Impact of aerobic exercise training on features of skeletal myopathy

In order to understand better the mechanisms behind the benefits of AET on HF-induced skeletal myopathy, we used a genetic model of sympathetic hyperactivity-induced HF in mice lacking α2a /α2c -adrenergic receptors. These mice display chronically elevated sympathetic tone associated with cardiac dysfunction by 4 months of age and severe HF at 7 months of age (Brum et al. 2002; Rolim et al. 2007; Ferreira et al. 2011). Additionally, these mice present several features of skeletal myopathy, such as muscle dysfunction, capillary rarefaction, impaired aerobic metabolism, atrophy and exercise intolerance (Bacurau et al. 2009). Of interest, moderate-intensity AET (60% of maximal workload achieved in a graded treadmill running test, 1 h per day, 5 days per week for 8 weeks) improved exercise tolerance and muscle function, which was accompanied by greater abundance of proteins involved in sarcoplasmic reticulum calcium release and re-uptake in skeletal muscle (Bueno et al. 2010; Cunha et al. 2012). Importantly, AET also prevented impaired aerobic metabolism and muscle loss in our HF model (Bacurau et al. 2009). Muscle loss is a consequence of reduced protein synthesis and boosted protein degradation, the latter mainly associated with an overactivation of the ubiquitin–proteasome system (UPS; Glass, 2003). Considering that the UPS is the main proteolytic system responsible for disposal of damaged proteins (Attaix et al. 2008), we studied the effects of AET on the UPS in our HF mice model. We observed UPS overactivation associated with an upregulation of atrogin-1 mRNA levels and increased chymotrypsin-like proteasome activity, and AET re-established UPS activation to normal levels (Cunha et al. 2012). Interestingly, we later confirmed the clinical relevance of our findings by showing that AET also reduced chymotrypsin-like proteasome activity in muscle biopsies from HF patients (Cunha et al. 2012). The data we obtained in these first studies, together with updated literature regarding the regulation of protein catabolism (Gielen et al. 2012; Schiaffino et al. 2013; von  C 2013 The Authors. Experimental Physiology  C 2013 The Physiological Society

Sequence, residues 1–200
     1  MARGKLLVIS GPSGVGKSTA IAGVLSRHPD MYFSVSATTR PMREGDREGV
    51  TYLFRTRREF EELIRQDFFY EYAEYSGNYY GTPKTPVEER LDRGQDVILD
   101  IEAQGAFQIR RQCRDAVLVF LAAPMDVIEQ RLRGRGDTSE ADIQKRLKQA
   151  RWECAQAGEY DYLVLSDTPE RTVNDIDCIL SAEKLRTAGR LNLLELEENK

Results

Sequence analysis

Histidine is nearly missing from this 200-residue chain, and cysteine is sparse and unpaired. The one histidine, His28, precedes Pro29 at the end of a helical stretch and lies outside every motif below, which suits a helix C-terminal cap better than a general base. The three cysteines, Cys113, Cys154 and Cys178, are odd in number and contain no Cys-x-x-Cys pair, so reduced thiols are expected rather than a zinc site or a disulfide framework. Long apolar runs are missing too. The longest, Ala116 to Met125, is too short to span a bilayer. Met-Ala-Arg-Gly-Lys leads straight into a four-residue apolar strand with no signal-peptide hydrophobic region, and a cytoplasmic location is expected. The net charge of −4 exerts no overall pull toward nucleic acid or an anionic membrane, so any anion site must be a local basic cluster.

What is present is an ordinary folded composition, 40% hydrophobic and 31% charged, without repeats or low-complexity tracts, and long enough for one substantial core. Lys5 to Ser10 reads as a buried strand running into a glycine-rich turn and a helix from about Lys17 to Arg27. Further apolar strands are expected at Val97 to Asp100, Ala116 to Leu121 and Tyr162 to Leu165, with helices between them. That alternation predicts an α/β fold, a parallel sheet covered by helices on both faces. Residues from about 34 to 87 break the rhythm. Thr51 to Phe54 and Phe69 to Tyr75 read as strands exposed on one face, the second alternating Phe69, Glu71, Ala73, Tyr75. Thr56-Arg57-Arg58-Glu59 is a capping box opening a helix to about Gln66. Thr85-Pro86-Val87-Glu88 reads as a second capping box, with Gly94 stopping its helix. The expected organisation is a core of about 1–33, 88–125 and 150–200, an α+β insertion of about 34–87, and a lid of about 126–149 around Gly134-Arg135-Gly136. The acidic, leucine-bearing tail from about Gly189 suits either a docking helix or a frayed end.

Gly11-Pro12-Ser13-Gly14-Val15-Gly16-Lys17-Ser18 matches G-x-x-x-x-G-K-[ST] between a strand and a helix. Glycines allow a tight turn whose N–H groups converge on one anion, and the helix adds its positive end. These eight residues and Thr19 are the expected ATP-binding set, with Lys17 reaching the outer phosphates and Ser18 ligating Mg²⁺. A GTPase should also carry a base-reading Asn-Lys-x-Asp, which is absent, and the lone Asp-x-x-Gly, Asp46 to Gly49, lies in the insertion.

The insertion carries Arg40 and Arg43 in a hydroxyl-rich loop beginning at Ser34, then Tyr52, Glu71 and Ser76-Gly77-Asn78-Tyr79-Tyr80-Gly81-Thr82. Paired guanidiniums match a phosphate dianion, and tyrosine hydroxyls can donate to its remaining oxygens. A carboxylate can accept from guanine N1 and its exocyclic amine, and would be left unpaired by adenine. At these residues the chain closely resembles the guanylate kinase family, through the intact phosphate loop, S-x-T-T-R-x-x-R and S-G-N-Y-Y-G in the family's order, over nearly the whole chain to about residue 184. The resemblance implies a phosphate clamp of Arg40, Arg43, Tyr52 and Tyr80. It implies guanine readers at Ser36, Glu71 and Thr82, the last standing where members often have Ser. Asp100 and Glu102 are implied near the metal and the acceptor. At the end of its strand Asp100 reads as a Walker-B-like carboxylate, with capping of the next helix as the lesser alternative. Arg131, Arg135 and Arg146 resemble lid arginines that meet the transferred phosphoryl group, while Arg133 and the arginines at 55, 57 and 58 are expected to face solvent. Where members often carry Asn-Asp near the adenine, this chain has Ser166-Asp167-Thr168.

Haehling et al. 2013), led us to search for the mechanisms triggering UPS overactivation. In this context, oxidative stress directly modulates proteasome activity (Aiken et al. 2011); therefore, it emerged as a promising target in HF-induced skeletal myopathy (Barker & Traber, 2007). Increased oxidative stress in HF results from an imbalance between pro- and antioxidant activities. Antioxidant enzymes (e.g. superoxide dismutase, catalase and glutathione peroxidase) show reduced expression and impaired activity in skeletal muscle of HF patients, when compared with healthy individuals (Linke et al. 2005). In contrast, increased production of reactive oxygen species from mitochondria and other sources might play an important role in HF-induced skeletal myopathy. In this sense, our ongoing studies in an animal model of HF induced by myocardial infarction in rats (12 weeks after coronary artery ligation) suggest that NADPH oxidase, an important reactive oxygen species-generating source, is overactivated in skeletal muscle. Such overactivity presents a positive correlation with proteasome activity (L. Bechara, J. Moreira, P. Jannig, V. Voltarelli, P. Dourado, A. Vasconcelos, C. Scavone, P. Ramires and P. Brum, unpublished observations), which indicates that NADPH oxidase-generated reactive oxygen species induced proteasome activation, possibly by oxidation of proteasome substrates. We have recently demonstrated that AET restored redox balance in skeletal muscle in a rat model of HF, which was associated with reduced proteasome activity, improved skeletal muscle mass and restored superoxide dismutase activity (Moreira et al. 2013). Altogether, these responses might be related to the reduced NADPH activity observed in our ongoing study (L. Bechara, J. Moreira, P. Jannig, V. Voltarelli, P. Dourado, A. Vasconcelos, C. Scavone, P. Ramires and P. Brum, unpublished observations). Figure 1 summarizes our findings regarding the benefits of AET on skeletal muscle in HF. Even though the benefits of AET for HF patients have been reported for decades, the optimal training protocol is still heavily debated. Moderate-intensity AET [50–70% of maximal oxygen uptake (V˙ O2 max )] is an effective therapy (Roveda et al. 2003; Fraga et al. 2007); however, recent investigations have suggested that high-intensity protocols promote superior improvements of V˙ O2 max in HF patients (Wisløff et al. 2007; Moholdt et al. 2012). Considering these findings, we hypothesized that high-intensity AET would also promote superior benefits in skeletal muscle of infarcted rats. Thus, we compared the effects of high-intensity (running intervals of 4 min at 85–90% V˙ O2 max and 3 min at 60% V˙ O2 max at 15% inclination, 5 days per week for 8 weeks) and moderate-intensity AET protocols (60% V˙ O2 max at 15% inclination, 1 h per day, 5 days per week for 8 weeks) on skeletal muscle of myocardial-infarcted rats (12 weeks after coronary artery ligation). Surprisingly, our data